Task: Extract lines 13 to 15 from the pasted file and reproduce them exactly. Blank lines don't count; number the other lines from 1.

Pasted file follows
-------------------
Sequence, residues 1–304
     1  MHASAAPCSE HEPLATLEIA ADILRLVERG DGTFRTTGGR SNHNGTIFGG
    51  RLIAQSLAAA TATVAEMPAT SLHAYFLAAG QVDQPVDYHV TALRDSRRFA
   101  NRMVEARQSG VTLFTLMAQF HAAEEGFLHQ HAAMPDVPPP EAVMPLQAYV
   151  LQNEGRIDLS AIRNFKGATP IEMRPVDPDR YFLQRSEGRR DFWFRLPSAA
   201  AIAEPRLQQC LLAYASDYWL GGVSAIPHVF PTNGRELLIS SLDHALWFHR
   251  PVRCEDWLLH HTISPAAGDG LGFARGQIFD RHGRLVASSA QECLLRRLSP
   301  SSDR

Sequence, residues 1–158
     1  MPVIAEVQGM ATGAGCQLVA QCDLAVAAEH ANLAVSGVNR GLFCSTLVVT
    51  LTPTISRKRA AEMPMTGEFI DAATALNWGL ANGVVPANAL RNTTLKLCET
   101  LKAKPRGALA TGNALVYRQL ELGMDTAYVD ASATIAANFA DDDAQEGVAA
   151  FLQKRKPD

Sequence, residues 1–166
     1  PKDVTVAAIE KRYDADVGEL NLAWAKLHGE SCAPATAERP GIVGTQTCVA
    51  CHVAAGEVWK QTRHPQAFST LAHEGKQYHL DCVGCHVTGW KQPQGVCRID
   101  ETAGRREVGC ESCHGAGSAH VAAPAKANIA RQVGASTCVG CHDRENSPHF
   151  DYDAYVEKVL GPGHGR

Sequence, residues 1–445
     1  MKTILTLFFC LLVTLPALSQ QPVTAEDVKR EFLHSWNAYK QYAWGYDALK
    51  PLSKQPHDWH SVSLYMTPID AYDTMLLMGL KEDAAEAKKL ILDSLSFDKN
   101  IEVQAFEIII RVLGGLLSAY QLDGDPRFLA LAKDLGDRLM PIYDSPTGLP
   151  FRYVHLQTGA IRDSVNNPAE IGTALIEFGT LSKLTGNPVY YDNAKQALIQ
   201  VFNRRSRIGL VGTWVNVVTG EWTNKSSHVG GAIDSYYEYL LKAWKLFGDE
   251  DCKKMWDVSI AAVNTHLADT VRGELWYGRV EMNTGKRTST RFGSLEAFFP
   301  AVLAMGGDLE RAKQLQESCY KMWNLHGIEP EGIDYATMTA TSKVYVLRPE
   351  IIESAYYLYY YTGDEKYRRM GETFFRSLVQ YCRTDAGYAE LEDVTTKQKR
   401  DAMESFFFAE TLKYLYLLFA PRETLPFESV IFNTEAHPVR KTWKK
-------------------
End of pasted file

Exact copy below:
   151  FLQKRKPD

Sequence, residues 1–166
     1  PKDVTVAAIE KRYDADVGEL NLAWAKLHGE SCAPATAERP GIVGTQTCVA